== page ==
COVID-19 fraud domain seized from seller who attempted to sell it using bitcoin


U.S. Immigration Customs and Enforcement’s (ICE) Homeland Security Investigations (HSI) and United States Attorney’s Office for the District of Columbia obtained a warrant Friday authorizing seizure of coronaprevention.org following an HSI Philadelphia investigation in support of Operation Stolen Promise.

HSI recently launched Operation Stolen Promise to protect the homeland and global supply-chain from the increasing and evolving threat posed by COVID-19-related fraud and criminal activity by combining HSI’s expertise in global trade investigations, financial fraud, and cyber investigations with robust private and public partnerships.

“Sadly, criminals are using the current pandemic as an opportunity to generate proceeds while so many Americans are suffering,” said William S. Walker, acting HSI Philadelphia special agent in charge. “Homeland Security Investigations and our partners will continue to aggressively pursue those who attempt to illegally capitalize on this crisis through illicit money-making schemes.”

The seizure warrant alleges that the owner of the domain name, coronaprevention.org, posted it for sale on a hackers forum.

The post appeared the day after the president declared a national emergency due to the COVID-19 pandemic. The seller stated on the forum that this domain would be an effective way to sell “high markup in demand products.”

The seller exponentially marked up the price of the domain. The seller asked for the payment to be made via bitcoin.

The warrant further alleges that the seller engaged in conversations with an undercover agent from HSI about the sale of the domain. The seller stated that it was “genius” to sell “fake testing kits” using this domain.

The seller further stated that the seller “wanted to do that but I couldn’t get enough cash to bulk buy them from Alibaba [a Chinese e-commerce site].” The seller recommended directed the undercover agent on how to set up a new website on the domain using a foreign-based service, so as to prevent U.S. authorities from being able to shut it down in the future.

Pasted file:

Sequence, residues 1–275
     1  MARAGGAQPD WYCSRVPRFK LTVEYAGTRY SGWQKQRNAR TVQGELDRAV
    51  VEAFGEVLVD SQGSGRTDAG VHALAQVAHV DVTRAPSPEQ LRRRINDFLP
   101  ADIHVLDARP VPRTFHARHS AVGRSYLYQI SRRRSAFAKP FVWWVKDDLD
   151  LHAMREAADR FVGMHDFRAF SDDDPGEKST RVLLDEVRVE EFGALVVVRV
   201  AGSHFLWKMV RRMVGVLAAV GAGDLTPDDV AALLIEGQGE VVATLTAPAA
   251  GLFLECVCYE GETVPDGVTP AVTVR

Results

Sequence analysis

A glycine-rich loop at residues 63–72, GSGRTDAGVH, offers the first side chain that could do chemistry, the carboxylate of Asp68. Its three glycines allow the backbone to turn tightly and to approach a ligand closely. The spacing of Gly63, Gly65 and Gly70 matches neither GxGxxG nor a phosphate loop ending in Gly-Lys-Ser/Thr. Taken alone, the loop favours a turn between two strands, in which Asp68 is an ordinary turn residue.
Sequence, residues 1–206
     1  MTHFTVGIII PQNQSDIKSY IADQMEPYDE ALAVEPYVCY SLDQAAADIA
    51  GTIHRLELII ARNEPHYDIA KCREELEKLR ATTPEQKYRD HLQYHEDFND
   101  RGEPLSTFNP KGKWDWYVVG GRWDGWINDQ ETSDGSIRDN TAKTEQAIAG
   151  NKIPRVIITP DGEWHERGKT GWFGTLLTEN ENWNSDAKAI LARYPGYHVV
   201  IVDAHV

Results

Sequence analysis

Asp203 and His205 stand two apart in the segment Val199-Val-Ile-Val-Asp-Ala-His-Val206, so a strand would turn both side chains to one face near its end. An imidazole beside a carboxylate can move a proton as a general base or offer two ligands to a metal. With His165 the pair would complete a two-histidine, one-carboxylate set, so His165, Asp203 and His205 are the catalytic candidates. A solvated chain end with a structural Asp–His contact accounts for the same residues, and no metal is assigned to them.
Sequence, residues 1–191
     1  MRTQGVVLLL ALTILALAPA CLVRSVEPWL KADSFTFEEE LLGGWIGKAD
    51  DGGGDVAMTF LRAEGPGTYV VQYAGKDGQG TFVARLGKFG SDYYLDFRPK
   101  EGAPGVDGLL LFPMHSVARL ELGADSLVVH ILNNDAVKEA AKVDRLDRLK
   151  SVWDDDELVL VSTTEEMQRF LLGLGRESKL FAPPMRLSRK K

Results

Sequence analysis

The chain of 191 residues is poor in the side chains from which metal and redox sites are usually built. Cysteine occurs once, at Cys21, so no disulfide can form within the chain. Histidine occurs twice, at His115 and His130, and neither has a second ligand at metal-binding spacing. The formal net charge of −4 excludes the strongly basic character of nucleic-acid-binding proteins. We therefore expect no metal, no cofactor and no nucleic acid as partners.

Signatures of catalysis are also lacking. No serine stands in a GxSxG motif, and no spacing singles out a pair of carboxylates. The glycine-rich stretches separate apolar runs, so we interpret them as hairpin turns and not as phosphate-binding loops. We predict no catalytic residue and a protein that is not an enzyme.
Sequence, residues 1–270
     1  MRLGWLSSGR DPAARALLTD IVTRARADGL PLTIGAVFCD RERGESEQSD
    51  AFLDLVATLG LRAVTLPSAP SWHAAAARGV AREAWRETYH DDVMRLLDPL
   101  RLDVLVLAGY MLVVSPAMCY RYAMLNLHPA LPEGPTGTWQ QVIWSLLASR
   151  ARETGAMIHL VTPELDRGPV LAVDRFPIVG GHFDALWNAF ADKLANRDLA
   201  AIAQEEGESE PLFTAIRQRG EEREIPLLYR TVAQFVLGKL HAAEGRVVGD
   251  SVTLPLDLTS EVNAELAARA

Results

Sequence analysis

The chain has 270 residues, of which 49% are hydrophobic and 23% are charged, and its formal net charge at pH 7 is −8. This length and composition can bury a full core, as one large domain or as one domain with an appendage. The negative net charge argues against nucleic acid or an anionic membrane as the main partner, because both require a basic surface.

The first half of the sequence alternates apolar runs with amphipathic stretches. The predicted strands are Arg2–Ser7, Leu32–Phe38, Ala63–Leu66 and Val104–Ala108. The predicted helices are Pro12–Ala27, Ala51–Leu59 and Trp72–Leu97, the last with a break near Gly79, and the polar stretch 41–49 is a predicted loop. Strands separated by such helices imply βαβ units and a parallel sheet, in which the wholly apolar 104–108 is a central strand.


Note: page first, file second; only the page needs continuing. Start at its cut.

“We will not tolerate exploitation of this national emergency for personal gain,” said U.S. Attorney Tim Shea. “This office will not allow fraudsters to use anonymous online spaces and cryptocurrency to hide their harmful activities and prey on victims.”

The charges in the warrant are merely allegations, and civil forfeiture proceedings will commence in which any interested party may make a claim to ownership of the seized property.

The enforcement action against the owner of a fraudulent website follows Attorney General William Barr’s recent direction for the department to prioritize the detection, investigation, and prosecution of illegal conduct related to the pandemic.

The case is being handled by Assistant U.S. Attorney Zia M. Faruqui, Paralegal Specialist Brian Rickers, and Legal Assistant Jessica McCormick of the U.S. Attorney’s Office for the District of Columbia.

As part of Operation Stolen Promise, HSI is partnering with U.S. Customs and Border Protection (CBP), the Food and Drug Administration, the U.S. Postal Inspection Service, the U.S. Secret Service, the Internal Revenue Service, the Federal Bureau of Investigation, and the Five Eyes Law Enforcement Working Group. Additionally, efforts span multiple HSI components including the National Intellectual Property Rights Coordination Center, HSI International Operations, the Illicit Finance and Proceeds of Crime Unit, and the Cyber Crimes Center.

As of April 23, 2020, HSI special agents have opened over 232 cases initiated, 376 total seizures, 329 leads sent, 70 disruptions, seized over three million dollars in illicit proceeds; made six arrests; executed 12 search warrants; sinkholed over 11,000 COVID-19 domain names and worked alongside CBP to seize over 225 shipments of mislabeled, fraudulent, unauthorized or prohibited COVID-19 test kits, treatment kits, homeopathic remedies, purported anti-viral products and personal protective equipment.

The launch of the operation is in direct response to a significant increase in criminal activity.

To report suspected illicit criminal activity or fraudulent schemes related to the COVID-19 pandemic, email Covid19Fraud@dhs.gov.

ICE.gov (April 2020)COVID-19 fraud domain seized from seller who attempted to sell it using bitcoin

Ohio Resident Charged with Operating Darknet-Based Bitcoin “Mixer,” which Laundered Over $300 Million

An Ohio man was arrested for his operation of Helix, a Darknet-based cryptocurrency laundering service.


“Helix” Laundered Bitcoin From Numerous Darknet Markets

An Ohio man was arrested for his operation of Helix, a Darknet-based cryptocurrency laundering service. 

In the three-count indictment unsealed Feb. 11 in the District of Columbia, Larry Harmon, 36, of Akron, Ohio, was charged with money laundering conspiracy, operating an unlicensed money transmitting business and conducting money transmission without a D.C. license.